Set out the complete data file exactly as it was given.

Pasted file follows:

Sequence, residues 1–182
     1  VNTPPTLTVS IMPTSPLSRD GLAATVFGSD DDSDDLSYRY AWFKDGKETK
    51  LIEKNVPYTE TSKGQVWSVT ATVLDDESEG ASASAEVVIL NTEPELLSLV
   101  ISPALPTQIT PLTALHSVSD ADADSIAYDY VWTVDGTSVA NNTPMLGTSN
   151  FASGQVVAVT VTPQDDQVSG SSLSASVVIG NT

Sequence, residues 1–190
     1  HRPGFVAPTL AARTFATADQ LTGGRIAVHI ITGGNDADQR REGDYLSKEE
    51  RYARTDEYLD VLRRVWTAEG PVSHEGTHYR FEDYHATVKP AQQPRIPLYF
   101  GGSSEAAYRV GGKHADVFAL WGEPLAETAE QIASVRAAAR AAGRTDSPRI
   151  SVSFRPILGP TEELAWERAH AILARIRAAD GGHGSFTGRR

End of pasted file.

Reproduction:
Sequence, residues 1–182
     1  VNTPPTLTVS IMPTSPLSRD GLAATVFGSD DDSDDLSYRY AWFKDGKETK
    51  LIEKNVPYTE TSKGQVWSVT ATVLDDESEG ASASAEVVIL NTEPELLSLV
   101  ISPALPTQIT PLTALHSVSD ADADSIAYDY VWTVDGTSVA NNTPMLGTSN
   151  FASGQVVAVT VTPQDDQVSG SSLSASVVIG NT

Sequence, residues 1–190
     1  HRPGFVAPTL AARTFATADQ LTGGRIAVHI ITGGNDADQR REGDYLSKEE
    51  RYARTDEYLD VLRRVWTAEG PVSHEGTHYR FEDYHATVKP AQQPRIPLYF
   101  GGSSEAAYRV GGKHADVFAL WGEPLAETAE QIASVRAAAR AAGRTDSPRI
   151  SVSFRPILGP TEELAWERAH AILARIRAAD GGHGSFTGRR